“Patience” is a word my five-year old meets with a face like someone who’s just licked dish soap. I’m pretty sure that in his world, “patience” is equivalent to a four-letter adult word. Now and again, I’ve heard him creating dialogue between his toys, and one will counsel the other to ‘just be patient.’ The toy being counseled usually responds by knocking down, jumping on, and otherwise assaulting the toy that sounds a lot like me.

I smile to myself and try to remember how hard it is to be patient when you’re small and all the world is a great adventure full of mysteries to be explored. I pack him off to preschool with a hug and a kiss, and then I sprint for my writing nook, anxious not to waste a second.

Alright, alright. I do NOT generally sprint for my nook. I want to. Desperately. Sometimes it feels like my brain makes the mad dash, and the anguish when it hitsthe end of its tether and recoils back into the reality of what my body is doing is no joke. Some days, it’s enough to make me want to cry.

At least, that’s what life’s been like for me since July.

It’s one of those ‘seasons of life’ things we all read about. One of the fallow ones. Like early spring, when the ground is still too hard or too mushy, the night air still too fickle to put the seeds in the ground and expect anything to actually grow. This one is taking waaaaaay longer than I thought it would when I planned to take some time off from writing this summer. It’s time filled with 1000 other good things. But between all that good stuff, and challenging schedules, and a perpetual need to address the other issues that have also been neglected for months, I’m lucky if I manage to creep to my desk for five quiet minutes to reflect on my day or make a to-do list (and we’re talking the ‘no-kidding-do-this-today-or-suffer-the-consequences’ kind of list) in my daily planner.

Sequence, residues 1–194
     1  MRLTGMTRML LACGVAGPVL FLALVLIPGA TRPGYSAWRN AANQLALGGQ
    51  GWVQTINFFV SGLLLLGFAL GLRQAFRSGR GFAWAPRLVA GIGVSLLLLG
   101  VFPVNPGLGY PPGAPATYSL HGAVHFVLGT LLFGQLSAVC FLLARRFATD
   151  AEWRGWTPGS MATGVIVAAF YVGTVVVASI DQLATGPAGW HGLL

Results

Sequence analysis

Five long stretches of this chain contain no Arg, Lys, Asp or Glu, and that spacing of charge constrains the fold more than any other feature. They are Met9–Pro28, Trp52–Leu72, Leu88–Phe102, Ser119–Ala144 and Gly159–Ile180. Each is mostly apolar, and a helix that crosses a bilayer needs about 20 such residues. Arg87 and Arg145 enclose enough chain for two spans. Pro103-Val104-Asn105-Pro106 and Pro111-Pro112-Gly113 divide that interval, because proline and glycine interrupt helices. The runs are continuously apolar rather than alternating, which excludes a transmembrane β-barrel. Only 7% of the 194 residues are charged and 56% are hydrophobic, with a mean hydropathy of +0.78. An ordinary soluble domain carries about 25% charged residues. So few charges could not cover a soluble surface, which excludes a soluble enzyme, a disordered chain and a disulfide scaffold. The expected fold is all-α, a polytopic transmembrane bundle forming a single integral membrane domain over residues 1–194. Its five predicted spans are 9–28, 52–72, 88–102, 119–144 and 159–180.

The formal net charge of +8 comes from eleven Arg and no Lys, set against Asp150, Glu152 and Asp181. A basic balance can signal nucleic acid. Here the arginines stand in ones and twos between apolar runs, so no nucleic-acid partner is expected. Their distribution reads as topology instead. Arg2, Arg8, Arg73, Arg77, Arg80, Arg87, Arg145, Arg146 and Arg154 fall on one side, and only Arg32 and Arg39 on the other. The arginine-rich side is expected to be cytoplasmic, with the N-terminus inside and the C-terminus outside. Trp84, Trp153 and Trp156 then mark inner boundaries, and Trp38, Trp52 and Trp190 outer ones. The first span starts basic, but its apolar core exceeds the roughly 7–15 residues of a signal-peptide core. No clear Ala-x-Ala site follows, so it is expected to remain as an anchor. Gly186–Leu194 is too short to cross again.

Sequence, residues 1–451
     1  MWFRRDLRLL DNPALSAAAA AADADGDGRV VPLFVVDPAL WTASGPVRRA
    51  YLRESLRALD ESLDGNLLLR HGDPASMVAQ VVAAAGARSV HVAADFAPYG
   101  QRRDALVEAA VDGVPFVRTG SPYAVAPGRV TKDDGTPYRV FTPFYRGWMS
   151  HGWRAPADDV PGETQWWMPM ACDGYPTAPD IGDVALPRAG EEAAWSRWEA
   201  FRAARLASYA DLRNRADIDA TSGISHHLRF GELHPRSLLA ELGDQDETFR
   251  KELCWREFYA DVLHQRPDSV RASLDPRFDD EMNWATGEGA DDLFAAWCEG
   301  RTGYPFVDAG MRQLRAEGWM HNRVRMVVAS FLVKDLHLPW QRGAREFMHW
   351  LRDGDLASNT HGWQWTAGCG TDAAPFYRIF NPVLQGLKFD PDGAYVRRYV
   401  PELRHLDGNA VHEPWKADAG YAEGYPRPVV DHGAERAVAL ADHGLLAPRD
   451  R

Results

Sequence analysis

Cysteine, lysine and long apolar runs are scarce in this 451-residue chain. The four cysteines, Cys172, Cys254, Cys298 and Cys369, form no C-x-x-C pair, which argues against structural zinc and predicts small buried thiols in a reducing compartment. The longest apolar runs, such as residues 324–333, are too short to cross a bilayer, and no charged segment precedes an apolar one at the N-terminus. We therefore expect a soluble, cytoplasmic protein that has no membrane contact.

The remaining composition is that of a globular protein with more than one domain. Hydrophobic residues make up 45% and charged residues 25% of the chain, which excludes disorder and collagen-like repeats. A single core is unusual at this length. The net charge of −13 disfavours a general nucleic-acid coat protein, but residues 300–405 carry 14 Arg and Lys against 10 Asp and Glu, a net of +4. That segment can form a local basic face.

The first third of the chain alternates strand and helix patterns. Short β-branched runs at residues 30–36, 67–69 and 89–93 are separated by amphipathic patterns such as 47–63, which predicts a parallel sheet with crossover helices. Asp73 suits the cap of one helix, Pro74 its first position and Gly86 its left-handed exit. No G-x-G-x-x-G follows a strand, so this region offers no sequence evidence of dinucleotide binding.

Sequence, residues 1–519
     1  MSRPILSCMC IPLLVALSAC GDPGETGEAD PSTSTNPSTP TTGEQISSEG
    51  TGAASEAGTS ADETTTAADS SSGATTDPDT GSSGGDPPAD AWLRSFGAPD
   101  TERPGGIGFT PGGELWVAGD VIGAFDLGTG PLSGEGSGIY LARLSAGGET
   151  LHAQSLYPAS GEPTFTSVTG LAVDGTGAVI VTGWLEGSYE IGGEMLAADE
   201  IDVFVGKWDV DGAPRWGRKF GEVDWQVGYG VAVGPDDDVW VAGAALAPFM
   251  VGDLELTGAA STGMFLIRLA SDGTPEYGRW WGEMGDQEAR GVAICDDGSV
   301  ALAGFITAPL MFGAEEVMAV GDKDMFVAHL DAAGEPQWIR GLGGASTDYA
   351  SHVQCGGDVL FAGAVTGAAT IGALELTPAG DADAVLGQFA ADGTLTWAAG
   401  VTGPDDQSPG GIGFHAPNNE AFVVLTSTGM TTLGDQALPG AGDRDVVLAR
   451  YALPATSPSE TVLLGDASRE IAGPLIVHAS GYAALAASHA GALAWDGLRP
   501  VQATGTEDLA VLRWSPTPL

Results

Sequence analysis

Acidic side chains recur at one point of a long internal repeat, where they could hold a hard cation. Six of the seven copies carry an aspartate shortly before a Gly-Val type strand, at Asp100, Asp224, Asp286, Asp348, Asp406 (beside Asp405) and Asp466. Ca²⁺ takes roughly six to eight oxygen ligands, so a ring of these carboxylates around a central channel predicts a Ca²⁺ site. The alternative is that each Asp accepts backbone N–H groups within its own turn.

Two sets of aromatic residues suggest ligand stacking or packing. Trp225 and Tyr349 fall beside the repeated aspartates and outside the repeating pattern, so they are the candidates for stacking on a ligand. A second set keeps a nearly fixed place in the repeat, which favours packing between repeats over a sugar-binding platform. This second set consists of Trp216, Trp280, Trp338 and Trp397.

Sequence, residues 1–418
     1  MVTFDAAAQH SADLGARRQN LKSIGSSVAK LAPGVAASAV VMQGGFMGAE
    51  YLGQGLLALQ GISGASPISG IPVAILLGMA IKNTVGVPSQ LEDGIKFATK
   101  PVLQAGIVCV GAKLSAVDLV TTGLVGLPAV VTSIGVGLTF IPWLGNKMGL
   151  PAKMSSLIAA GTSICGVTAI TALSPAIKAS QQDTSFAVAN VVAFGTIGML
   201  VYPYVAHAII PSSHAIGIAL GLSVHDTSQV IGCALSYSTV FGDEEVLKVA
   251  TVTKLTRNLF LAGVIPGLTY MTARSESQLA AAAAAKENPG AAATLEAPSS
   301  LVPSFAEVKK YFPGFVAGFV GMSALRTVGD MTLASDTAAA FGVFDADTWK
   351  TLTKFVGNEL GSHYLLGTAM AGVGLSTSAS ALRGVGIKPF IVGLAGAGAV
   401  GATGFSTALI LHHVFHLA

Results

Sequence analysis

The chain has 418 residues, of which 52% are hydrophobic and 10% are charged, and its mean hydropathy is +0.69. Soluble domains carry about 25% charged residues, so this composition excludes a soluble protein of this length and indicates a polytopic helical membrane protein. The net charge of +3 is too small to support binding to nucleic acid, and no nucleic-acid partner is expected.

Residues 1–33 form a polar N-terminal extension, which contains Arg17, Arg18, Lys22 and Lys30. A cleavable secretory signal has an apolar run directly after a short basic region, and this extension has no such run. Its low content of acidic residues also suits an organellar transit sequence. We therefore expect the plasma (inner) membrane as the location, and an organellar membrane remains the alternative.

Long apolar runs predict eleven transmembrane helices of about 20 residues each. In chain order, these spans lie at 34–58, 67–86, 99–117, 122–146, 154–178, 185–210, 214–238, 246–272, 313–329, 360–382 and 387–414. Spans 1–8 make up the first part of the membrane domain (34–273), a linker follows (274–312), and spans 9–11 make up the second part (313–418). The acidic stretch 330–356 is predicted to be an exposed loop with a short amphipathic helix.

Having read and reflected and counseled others through these periods, I know I’m supposed to grant myself some grace. That life sometimes takes us on surprising detours, and with grace that exceeds the merely human, the detours usually end up having greater meaning than we realized they did at the time.

But as I was sitting in my nook for 30 hectic minutes — each of which I spent gritting my teeth and telling myself that if I could just get through one more to-do list item THEN I could reward myself with writing time — I felt like my son must every time I ask him to do a chore before getting to the thing he really wants. And I just wanted to smash the obstacles that are keeping me from writing.

That’s when I realized: it’s mid-October already! For once, the recognition of time having passed isn’t accompanied by harsh self-judgment of all that I’ve yet to accomplish. Instead, hope hangs on it like the hint of rain in the wind.  Mid-October hold the promise of unbridled creativity the same way the scent of September always spurs me to run, the smell of wet earth and cooler weather triggering the Pavlovian instinct to lap the soccer field or rugby pitch. Only, mid-October is the time to clear the deck to make the time in November to put everything else to the side in order to write a new novel: NaNoWriMo.